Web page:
Guy Noble and Mid North Coast Sinfonia collaborate in exciting new creative project

The Mid North Coast Sinfonia worked with Guy Noble to rehearse and record the string section to Slipstream, a song inspired by a life spent on the water.

The Mid North Coast Sinfonia worked with Guy Noble to rehearse and record the string section to Slipstream, a song inspired by a life spent on the water.

From the salubrious acoustics of the world’s best concert halls to the rehearsal space at Taree’s Valley Industries, it was a day with a difference for renowned conductor and broadcaster Guy Noble and members of the Mid North Coast Sinfonia late last month. 

Swapping the Opera House’s organ pipes for the backdrop of the centre’s hand painted mural, Guy conducted Sinfonia musicians through his arrangements accompanying a locally inspired song, ‘Slipstream’. 

The song is part of a creative online and television project hosted by Mid North Coast musician, producer and songwriter Hugh Scott Murray and a production team including Moulin Rouge and Romeo & Juliet film producer Martin Brown, former Channel Four commissioning editor Deborah Poulton, and former ABC researcher/producer Rebecca Casson. 

The concept follows the creation of a series of original songs inspired by real stories written and recorded in collaboration with both local and international musicians.

This episode follows one involving INXS’ Kirk Pengilly, who co-wrote and recorded a song inspired by drover Vane Walker, with Hugh and more than 30 regional brass band players during a trip to Gunnedah.

For this episode Hugh has co-written Slipstream with North Coast artist Grace Hickey while spending several days with oyster farmers around Forster Tuncurry’s Wallis Lake. 

Guy Noble was invited to arrange and record the string section, an integral part of the song.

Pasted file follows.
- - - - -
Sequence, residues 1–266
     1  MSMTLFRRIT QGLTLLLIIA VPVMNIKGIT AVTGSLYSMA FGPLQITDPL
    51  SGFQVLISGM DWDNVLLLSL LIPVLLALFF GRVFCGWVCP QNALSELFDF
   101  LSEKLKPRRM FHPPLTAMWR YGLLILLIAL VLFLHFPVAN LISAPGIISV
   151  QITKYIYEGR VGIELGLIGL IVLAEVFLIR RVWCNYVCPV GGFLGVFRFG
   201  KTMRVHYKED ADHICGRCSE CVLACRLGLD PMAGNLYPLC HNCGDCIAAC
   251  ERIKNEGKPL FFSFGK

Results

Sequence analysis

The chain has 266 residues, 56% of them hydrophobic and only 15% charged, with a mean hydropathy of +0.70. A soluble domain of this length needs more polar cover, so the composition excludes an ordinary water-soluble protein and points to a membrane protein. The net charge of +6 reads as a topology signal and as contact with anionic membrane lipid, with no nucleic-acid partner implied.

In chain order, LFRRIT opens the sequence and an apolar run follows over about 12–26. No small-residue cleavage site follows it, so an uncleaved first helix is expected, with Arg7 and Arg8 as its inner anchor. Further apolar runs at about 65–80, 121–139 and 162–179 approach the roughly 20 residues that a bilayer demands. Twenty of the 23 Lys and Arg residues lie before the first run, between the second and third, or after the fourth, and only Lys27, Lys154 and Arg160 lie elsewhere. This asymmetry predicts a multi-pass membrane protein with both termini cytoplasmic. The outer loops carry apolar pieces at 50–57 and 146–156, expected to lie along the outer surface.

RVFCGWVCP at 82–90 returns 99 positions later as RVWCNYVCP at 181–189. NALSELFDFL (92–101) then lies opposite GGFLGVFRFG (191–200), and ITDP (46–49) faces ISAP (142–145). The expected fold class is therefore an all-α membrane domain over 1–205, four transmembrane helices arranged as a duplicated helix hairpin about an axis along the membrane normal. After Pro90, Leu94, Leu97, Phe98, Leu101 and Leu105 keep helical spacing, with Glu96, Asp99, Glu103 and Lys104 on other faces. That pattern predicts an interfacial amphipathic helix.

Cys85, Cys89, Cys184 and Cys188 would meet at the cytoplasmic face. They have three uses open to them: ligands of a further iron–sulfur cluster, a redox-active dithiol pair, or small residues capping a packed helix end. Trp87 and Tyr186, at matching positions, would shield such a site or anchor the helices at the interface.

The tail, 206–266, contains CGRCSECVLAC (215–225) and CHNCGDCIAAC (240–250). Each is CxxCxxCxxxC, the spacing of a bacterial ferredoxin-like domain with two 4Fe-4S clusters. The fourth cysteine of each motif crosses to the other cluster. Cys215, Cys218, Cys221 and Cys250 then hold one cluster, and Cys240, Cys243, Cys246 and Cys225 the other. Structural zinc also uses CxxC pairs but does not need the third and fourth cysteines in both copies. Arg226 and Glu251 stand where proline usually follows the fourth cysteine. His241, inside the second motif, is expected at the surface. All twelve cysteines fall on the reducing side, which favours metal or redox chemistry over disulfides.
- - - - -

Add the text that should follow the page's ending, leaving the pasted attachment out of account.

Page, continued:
“Guy’s very supportive of music in regional areas. He’s worked with artists like Harry Connick Junior, the Beach Boys, the Sydney Symphony and Opera Australia. He has this incredible ability to make everybody feel comfortable, helping the Sinfonia to rise to the challenge on the day. They were great,” said Hugh.

Sinfonia founding chair, board member and cellist Leigh Vaughan, admitted that “many orchestra members (myself included) were anxious about working with someone with such a high musical profile as Guy, but he was very relaxed and accommodating of our small community group and everyone was very happy at the end.”

Accompanied by the Sinfonia’s diverse string section, Laurieton oboist Lindsay Kaul and Forster trumpeter Nic Parsons, the song captures the essence of a life spent working on the water. Classically trained Guy arranged the parts drawing from his experience across genres and a wide range of platforms.

In the space of just over one and a half hours, he expertly led each section through the arrangement with Grace and Hugh on hand, with the result captured by North Coast sound engineer Ian Casey on state of the art Rode microphones and a portable Zoom recorder. 

“They’ve never done anything like that before,” said Sinfonia conductor Heidi Lambert.

“I’m still getting comments about how much they enjoyed it.”

 “I was also surprised that we managed to achieve as much as we did and that was largely due to Guy’s expertise (and the amazing support team!),” added Leigh.

Now all’s that left is to wait for the weather to warm up a little before Hugh’s childhood piano Tilly is loaded onto an oyster barge, with the Sinfonia on another, to set adrift at sunrise on the ‘Slipstream’ of Wallis Lake for the song’s grand finale. As they say, ‘stay tuned’.

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